The Scoop: 1985 R, directed by Tom Holland and starring Chris Sarandon, William Ragsdale, and Roddy McDowall
Tagline: If you love being scared, it’ll be the night of your life.
Summary Capsule: Hey honey? Yeah, the new next door neighbors are vampires. Should we bring them a blood basket?
Eunice’s Rating: “I have never met a vampire personally, but I don’t know what might happen tomorrow.”
Eunice Review: When it comes to comparing how I feel about a movie to how Justin feels about it there seems to be very little middle ground, we either agree completely or are polar opposites. Back when I was just a mini-mutant I had to go through and read reviews on movies I had already seen in order to get a read on him, and Fright Night was one of those movies. I seem to remember poking some fun at him about the review and being called, good naturedly, a heckler. I told myself if I ever became a mutant I would do a review for Fright Night of my own.
That day has come.
Let me start off by saying how much I miss the ’80s vampire movie. Vampires were bad guys, they didn’t have feelings and whine about them all the time. And people who wanted to kill vampires? Good guys. *huff* Even so, in the interest of full disclosure, even now vampire movies are my crack.
Anyway, Fright Night is about a suburban teen named Charley Brewster. He lives with his mom, has a girlfriend named Amy, and a friend known as Evil Ed. Charley is really into a show called Fright Night with Peter Vincent, a has been horror actor now doing the hosting segments between old vampire movies (Think Elvira or Midnight Monster Hop). When a new neighbor, who only comes out at night and keeps a coffin, and his “carpenter” move in next door the hooker death rate goes up. Charley goes to the cops but they think he’s crazy, as does his friends. So he goes to Peter “Vampire Killer” Vincent as his last hope. Peter thinks he’s nuts too, but is convinced by Amy and Evil -and $500- to play along. Of course by the time everybody figures out he’s right it’s too late.
I’ll admit, Fright Night isn’t in league with the too cool biker vamps of The Lost Boys or the level of viciousness of Near Dark, it’s definitely in the fluffier category of Buffy the Vampire Slayer or Once Bitten. It falls into the family of teen escapist fantasy that seemed to thrive in the 80s. Think Monster Squad meets the Hammer style vampire movies. And Fright Night is at it’s best when it’s a love letter to those old Christopher Lee Dracula flicks.
Which brings me to my favorite character, Roddy McDowall’s Peter Vincent. I’ve had an affinity for Roddy McDowall ever since I was a kid and I saw him in the Planet of the Apes movies and Octavian’s speech near the end of Cleopatra (“‘The soup is hot; the soup is cold.’ ‘Antony is living; Antony is dead.’ Shake with terror when such words pass your lips!”). So he’d get a pass even if his wasn’t the best character. But Peter Vincent is the only character, between screen time and execution, that’s given much depth. In that he a) has some sort of a background, b)has a heroic arc, and c) Roddy does what he can (the regret he puts off in the scene where he slays someone is worth noting). And it’s channeling Peter Cushing and Christopher Lee all the way.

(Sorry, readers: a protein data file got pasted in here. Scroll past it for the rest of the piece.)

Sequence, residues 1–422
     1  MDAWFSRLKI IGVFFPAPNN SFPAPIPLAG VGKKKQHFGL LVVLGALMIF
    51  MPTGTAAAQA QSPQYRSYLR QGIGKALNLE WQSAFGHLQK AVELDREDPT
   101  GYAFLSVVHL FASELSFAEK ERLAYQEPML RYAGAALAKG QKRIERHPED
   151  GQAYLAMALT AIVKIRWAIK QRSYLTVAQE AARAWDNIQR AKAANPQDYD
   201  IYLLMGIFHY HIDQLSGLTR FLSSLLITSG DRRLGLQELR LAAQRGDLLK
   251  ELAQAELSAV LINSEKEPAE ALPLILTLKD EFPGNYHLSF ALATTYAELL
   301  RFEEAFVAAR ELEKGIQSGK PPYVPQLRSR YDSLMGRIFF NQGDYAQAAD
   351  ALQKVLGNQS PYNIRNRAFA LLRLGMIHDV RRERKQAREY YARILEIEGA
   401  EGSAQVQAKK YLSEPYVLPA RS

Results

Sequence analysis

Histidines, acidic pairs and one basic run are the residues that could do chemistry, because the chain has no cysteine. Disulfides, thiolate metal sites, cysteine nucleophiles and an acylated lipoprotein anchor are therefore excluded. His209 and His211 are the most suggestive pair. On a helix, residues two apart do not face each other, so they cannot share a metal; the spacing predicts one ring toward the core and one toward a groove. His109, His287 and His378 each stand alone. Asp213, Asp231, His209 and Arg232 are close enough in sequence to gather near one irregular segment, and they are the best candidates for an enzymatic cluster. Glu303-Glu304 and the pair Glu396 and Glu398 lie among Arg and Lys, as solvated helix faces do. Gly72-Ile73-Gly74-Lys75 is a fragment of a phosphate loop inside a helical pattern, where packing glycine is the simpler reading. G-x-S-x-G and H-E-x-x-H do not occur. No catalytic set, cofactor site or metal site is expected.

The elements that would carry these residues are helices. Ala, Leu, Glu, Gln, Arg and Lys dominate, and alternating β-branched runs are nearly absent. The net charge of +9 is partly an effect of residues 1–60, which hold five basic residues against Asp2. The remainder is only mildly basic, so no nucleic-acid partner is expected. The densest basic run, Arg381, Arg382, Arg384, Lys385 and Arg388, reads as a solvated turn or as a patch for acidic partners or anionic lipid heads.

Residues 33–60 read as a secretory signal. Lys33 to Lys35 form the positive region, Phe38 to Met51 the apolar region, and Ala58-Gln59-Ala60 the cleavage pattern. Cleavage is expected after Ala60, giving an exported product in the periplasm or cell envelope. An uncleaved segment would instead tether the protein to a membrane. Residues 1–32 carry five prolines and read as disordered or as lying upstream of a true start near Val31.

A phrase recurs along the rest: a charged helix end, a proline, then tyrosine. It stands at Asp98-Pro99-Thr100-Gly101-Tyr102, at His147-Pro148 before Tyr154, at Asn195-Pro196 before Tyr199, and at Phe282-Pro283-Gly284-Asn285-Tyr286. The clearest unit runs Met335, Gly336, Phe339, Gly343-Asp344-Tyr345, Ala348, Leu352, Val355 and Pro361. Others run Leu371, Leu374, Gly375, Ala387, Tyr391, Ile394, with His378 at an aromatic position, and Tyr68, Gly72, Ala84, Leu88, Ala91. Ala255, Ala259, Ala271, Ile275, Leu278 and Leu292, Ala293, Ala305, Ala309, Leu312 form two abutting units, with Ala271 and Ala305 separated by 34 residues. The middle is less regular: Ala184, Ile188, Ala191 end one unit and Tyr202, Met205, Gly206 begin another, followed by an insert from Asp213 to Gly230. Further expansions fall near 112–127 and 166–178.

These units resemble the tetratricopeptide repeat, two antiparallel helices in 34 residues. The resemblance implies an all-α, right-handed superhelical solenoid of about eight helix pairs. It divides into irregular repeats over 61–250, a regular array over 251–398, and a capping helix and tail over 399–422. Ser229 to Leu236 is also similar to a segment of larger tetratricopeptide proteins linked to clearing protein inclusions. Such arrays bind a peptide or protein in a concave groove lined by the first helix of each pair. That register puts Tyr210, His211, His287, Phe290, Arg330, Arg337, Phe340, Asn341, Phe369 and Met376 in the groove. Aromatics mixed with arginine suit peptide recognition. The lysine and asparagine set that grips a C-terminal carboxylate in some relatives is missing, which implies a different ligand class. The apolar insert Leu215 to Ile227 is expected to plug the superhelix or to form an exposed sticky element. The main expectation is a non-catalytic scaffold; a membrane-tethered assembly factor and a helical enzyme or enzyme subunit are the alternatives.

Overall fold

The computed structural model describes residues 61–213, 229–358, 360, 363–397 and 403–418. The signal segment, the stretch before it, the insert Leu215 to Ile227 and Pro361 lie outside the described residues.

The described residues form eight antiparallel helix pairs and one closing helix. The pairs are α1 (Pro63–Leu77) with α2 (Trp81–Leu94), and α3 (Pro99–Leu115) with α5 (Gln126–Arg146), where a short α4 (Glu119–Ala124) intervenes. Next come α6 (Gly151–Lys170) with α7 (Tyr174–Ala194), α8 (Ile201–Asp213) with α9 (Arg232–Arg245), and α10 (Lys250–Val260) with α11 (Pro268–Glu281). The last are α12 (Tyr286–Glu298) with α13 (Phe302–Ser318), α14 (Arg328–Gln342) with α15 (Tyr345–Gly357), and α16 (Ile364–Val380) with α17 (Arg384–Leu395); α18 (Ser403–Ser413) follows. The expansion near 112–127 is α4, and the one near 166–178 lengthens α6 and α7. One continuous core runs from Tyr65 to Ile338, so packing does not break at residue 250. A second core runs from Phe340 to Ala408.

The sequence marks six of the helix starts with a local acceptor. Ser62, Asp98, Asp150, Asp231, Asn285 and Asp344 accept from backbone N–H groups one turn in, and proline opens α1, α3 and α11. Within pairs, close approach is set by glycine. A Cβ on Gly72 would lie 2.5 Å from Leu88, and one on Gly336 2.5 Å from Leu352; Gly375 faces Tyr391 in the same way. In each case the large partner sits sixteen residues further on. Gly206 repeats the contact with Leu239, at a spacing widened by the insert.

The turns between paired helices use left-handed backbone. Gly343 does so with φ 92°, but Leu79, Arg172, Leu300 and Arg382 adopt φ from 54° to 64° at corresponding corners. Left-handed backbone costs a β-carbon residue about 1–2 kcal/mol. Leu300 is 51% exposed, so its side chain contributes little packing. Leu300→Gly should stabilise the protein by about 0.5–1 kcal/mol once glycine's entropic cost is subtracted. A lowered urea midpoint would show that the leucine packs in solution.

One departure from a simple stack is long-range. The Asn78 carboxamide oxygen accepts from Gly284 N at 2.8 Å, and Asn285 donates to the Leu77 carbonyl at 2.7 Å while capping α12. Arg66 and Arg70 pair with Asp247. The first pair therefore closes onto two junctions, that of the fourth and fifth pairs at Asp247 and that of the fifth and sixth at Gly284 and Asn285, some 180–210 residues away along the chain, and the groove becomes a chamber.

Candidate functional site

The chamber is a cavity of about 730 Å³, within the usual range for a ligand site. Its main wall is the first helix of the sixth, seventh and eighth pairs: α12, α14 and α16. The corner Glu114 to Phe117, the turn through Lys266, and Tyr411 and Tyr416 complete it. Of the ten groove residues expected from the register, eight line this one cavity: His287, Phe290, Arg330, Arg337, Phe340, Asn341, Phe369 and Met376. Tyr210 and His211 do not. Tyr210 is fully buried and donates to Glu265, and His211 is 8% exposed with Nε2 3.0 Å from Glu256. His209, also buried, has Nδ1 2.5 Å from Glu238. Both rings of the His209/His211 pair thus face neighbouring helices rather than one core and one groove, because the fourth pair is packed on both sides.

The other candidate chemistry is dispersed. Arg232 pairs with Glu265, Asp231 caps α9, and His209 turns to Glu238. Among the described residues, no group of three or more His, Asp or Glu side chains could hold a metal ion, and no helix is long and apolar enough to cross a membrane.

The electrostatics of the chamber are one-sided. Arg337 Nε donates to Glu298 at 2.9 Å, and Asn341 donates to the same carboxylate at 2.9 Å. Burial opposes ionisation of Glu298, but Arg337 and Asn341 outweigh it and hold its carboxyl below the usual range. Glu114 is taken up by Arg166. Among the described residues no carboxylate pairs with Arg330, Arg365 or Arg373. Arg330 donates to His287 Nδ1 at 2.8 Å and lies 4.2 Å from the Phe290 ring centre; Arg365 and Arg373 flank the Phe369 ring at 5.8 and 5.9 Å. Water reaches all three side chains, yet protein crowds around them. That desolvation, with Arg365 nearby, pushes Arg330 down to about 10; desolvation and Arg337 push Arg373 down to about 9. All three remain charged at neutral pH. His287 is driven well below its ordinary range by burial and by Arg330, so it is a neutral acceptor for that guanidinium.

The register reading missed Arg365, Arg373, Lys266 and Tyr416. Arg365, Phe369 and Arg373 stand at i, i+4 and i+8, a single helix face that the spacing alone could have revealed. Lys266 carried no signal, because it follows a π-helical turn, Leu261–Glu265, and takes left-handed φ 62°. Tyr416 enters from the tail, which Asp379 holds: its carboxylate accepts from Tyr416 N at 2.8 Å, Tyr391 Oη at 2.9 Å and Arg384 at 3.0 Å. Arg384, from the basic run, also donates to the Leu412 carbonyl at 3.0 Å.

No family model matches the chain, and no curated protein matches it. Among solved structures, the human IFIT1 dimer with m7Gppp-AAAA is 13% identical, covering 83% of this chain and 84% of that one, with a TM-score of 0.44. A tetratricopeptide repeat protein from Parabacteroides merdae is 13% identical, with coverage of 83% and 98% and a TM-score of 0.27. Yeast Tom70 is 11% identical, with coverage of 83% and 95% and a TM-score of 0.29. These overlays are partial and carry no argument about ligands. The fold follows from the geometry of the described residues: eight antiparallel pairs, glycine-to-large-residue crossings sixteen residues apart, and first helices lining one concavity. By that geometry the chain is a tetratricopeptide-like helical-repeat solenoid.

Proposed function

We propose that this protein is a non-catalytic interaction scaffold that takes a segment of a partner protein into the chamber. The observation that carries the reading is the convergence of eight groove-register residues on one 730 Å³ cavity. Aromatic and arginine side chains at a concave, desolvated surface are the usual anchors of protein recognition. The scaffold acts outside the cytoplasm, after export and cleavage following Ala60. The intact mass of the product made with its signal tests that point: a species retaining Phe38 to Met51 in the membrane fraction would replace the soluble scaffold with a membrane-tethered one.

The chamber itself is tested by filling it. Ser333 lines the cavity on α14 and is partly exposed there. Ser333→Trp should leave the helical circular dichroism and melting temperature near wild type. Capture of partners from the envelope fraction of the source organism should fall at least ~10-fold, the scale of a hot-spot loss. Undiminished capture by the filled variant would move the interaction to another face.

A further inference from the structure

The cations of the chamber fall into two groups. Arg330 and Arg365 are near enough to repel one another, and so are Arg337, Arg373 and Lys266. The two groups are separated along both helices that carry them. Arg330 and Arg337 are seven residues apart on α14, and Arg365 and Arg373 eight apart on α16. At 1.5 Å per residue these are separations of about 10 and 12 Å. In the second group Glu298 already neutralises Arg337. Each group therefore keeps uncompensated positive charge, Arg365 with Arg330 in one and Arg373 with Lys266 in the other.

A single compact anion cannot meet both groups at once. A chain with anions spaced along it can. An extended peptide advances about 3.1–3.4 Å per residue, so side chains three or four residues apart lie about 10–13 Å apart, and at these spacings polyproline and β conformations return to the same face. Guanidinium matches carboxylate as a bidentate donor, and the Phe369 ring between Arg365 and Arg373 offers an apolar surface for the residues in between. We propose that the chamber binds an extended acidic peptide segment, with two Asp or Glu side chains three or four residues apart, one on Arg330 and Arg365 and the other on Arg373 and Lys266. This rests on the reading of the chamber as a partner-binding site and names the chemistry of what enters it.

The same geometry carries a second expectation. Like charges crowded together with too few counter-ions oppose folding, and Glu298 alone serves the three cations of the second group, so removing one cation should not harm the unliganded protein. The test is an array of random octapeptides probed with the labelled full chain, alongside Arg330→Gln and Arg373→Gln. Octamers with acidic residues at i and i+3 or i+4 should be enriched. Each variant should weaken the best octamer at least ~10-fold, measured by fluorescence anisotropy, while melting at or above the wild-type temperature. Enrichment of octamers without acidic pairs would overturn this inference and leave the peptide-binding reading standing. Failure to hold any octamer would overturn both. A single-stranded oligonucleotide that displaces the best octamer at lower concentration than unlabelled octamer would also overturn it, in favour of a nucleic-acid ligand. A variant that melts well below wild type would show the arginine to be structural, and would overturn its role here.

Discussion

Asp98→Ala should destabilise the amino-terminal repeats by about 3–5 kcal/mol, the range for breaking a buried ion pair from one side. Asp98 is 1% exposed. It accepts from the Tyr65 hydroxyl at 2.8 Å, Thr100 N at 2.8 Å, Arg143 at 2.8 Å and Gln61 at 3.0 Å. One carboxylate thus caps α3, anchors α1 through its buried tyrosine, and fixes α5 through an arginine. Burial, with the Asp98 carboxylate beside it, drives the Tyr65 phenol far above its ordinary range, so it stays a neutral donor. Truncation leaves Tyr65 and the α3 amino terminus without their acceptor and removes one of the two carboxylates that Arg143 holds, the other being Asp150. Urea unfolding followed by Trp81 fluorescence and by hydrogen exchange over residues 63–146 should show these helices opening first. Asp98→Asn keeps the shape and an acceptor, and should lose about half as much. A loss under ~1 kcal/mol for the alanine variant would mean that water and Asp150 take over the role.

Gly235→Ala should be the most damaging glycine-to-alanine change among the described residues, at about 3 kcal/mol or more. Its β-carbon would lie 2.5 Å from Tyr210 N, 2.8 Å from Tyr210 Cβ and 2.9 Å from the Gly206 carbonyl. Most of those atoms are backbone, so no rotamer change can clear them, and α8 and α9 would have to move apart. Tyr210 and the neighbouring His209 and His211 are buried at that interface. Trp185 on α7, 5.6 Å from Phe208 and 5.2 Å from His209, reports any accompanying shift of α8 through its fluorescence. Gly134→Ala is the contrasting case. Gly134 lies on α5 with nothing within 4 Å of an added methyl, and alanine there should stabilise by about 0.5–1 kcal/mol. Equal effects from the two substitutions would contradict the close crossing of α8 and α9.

I can see where someone might have problems separating Chris Sarandon from Prince Humperdink, but open your mind I say. The man has a body of work, and if you’re willing to watch pretty much anything like me, you’ve probably seen some of it, including his other horror movies and his many TV movie and show appearances as menacing murderous husbands. So after the knee jerk reaction of “I shall be very put out.” I’ve never had any problems. Jerry Dandrige is the spirit of a classic vampire in an 80s setting. The menacing and (at least compared to Charley or any other guy in this movie) seductive school of vampire villain, like if this was a hundred years ago he’d have a cape but instead wears sweaters. Jerry comes off like he wakes up every night, stretches, and thinks to himself, ‘Man, it’s good to be a vampire!’ There’s a quickly forgotten subplot about a painting that looks just like Amy, but they never go into it.
On the makeup and special effects side, the creatures still hold up pretty good. The staked wolf, and the transformation back into a person is gory, and goopey and perfectly horrific. And the scene where Billy (what is he anyway? A ghoul? I’ll go with ghoul) melts is also quite nice.
Probably the movie’s biggest problem is it’s main character. To be euphemistically phrasilogically (my word) blunt about it, Charley is a grade A three letter word that can also mean donkey. He treats his girlfriend like garbage, and his friend worse. There’s nothing about him that is remotely likable, to the point where I would’ve rather seen the vampire win. Even by the end Peter Vincent is the one who emerges as the hero of the story. Charley just doesn’t DO anything constructive. Plus, totally agree with Justin there is no way a teen boy turns down sex, and the whole scene just makes me hate Charley for the rest of the movie.